Charitable Giving Trends During Recessions

Adjusted for inflation, giving increased by over $300 billion between 1979 and 2021. Total charitable giving has increased or stayed flat in current dollars every year since 1979, except for three years that experienced significant economic declines: 1987, 2008, and 2009.  

While these declines coincided with severe economic downturns, overall charitable giving rebounded alongside the economy as it recovered. Giving USA Foundation research indicates that, in the past, it has taken an average of three to four years for inflation-adjusted charitable giving to rise back up to pre-recession levels. Between 2008 and 2019, giving increased by $77 billion, from nearly $350 billion in 2008 to $427 billion in 2019. The Great Recession ended in 2009, and yet for the following decade, from 2010 to 2019, the total growth in inflation-adjusted giving was 33%. Giving in 2019 reached nearly $450 billion.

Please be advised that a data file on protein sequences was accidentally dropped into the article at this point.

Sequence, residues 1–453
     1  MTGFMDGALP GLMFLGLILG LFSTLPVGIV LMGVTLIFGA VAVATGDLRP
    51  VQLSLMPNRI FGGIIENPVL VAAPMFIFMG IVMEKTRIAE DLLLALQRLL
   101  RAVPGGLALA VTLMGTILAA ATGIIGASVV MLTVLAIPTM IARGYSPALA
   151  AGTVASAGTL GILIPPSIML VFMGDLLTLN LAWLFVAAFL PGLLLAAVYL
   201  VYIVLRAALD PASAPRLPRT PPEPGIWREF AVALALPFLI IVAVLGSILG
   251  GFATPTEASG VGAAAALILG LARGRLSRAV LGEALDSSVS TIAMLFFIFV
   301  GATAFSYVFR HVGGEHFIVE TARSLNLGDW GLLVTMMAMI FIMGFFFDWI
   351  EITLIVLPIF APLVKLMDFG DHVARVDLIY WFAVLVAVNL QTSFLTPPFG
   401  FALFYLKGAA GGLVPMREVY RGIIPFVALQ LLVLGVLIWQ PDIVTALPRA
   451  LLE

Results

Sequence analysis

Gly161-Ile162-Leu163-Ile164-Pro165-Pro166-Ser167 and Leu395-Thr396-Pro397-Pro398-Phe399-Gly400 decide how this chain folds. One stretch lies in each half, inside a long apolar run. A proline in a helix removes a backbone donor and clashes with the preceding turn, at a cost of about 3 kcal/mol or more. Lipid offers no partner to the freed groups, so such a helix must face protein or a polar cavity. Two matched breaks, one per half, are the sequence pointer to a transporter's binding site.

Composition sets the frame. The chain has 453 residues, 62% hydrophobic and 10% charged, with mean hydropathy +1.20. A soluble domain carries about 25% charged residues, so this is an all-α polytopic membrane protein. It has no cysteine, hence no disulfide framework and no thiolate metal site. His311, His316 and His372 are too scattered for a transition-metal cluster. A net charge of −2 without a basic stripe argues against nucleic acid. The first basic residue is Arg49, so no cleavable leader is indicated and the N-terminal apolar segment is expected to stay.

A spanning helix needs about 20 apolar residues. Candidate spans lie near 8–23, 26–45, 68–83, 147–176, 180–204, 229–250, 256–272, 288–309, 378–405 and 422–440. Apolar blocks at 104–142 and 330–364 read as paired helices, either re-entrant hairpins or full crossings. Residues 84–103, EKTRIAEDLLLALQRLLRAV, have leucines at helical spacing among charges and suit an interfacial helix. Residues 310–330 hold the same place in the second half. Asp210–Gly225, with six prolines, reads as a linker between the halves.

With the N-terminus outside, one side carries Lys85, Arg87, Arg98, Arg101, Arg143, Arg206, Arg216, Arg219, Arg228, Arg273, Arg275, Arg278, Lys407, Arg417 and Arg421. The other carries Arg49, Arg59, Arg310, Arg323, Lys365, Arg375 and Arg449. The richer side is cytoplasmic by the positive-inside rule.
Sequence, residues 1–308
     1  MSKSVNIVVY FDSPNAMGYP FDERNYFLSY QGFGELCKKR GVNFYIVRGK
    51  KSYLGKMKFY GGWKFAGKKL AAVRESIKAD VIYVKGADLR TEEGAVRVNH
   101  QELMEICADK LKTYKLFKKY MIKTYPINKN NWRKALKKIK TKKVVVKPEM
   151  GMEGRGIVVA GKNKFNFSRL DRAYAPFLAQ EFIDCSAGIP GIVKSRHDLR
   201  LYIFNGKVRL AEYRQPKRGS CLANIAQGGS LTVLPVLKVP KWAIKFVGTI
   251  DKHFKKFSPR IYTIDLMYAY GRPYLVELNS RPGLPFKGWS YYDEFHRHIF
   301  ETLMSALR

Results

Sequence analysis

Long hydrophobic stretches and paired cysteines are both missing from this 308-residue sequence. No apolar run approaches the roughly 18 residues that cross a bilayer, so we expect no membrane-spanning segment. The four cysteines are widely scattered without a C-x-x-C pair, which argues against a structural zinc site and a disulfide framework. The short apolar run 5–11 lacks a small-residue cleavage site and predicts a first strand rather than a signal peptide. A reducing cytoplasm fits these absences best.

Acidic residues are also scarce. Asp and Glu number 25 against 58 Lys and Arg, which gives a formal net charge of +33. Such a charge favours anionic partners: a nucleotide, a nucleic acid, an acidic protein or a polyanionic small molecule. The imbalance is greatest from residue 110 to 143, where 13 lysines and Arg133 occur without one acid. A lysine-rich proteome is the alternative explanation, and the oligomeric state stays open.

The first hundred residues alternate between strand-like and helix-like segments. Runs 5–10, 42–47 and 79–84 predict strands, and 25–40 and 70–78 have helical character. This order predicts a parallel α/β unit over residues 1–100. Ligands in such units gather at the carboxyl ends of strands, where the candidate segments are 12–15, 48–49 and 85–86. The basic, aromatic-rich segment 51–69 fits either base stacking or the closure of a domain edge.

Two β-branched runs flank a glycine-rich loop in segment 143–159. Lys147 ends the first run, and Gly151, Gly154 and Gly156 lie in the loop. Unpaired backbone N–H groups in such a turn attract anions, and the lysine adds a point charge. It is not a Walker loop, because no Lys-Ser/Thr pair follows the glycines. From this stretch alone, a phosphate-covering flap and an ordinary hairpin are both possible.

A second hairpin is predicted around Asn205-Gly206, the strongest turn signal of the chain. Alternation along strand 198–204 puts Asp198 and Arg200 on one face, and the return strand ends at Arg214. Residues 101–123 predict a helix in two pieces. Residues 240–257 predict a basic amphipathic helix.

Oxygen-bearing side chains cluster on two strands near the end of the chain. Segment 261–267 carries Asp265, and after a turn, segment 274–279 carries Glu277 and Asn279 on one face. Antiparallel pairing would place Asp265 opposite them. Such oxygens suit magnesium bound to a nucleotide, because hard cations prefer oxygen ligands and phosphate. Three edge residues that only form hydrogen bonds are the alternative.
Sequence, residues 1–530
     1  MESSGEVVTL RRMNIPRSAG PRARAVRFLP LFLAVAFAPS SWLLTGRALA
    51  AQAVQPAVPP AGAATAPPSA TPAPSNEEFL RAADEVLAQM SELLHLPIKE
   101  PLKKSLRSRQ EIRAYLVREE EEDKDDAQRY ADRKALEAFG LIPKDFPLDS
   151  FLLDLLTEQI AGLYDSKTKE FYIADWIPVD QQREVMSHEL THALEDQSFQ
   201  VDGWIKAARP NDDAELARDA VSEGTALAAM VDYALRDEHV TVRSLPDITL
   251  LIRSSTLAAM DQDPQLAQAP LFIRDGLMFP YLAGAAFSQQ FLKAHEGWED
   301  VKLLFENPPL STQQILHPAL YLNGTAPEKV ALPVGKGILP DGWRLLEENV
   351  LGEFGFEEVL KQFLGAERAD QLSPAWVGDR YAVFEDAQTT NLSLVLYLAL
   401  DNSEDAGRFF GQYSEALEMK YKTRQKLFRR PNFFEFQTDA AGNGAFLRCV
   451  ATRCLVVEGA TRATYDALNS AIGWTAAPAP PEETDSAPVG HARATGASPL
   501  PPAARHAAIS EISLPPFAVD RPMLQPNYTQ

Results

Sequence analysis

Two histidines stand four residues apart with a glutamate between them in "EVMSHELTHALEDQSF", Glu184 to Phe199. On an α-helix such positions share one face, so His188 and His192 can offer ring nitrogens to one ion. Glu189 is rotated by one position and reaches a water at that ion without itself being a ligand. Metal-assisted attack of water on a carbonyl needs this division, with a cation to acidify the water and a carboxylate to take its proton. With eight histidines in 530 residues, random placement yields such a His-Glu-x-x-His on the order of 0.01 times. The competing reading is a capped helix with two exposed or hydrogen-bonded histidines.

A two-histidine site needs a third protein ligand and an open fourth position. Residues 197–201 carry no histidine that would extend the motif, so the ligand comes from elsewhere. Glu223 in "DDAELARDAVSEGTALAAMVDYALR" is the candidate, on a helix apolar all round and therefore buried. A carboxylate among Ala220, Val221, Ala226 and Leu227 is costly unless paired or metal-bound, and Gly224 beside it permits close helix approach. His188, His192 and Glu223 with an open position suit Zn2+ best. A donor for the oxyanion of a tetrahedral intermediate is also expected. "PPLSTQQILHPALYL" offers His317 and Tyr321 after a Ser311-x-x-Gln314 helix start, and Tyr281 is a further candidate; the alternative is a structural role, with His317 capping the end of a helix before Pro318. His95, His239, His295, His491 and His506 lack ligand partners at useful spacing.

Variances to Charitable Giving Across Subsectors

External factors can affect different industry subsectors in diverse ways. While the effects of any economic instability over the past few years remain to be seen at the time of writing, many remain responsive to society’s most pressing needs. A focus on human services and economic security tends to spur giving in those areas. During the 2008 recession, for example, many subsectors saw decreases in giving. Yet, people’s heightened need for access to social services, healthcare, and scholarships encouraged giving to those subsectors. Differences in the recovery timeframe were also evident during The Great Recession. While most subsectors rebounded in the following years, giving to the arts, culture, and humanities subsectors did not exceed pre-recession levels of giving again until 2015, in inflation-adjusted terms. 

Long-term Changes to Giving Behavior

In recent years, the breakdown of charitable dollars given by individuals, foundations, bequests, and corporations has fluctuated. Over the last 40 years, giving by individuals has begun to decline as a percentage of total giving, but remains the largest contributor to overall giving year over year. The increasing concentration of wealth throughout the US has also played an outsized role in creating foundations. This trend, coupled with rising income inequality and the emerging influence of DAFs (Donor-Advised Funds), continues to increase the share of giving by foundations and decrease the percentage of giving from individuals.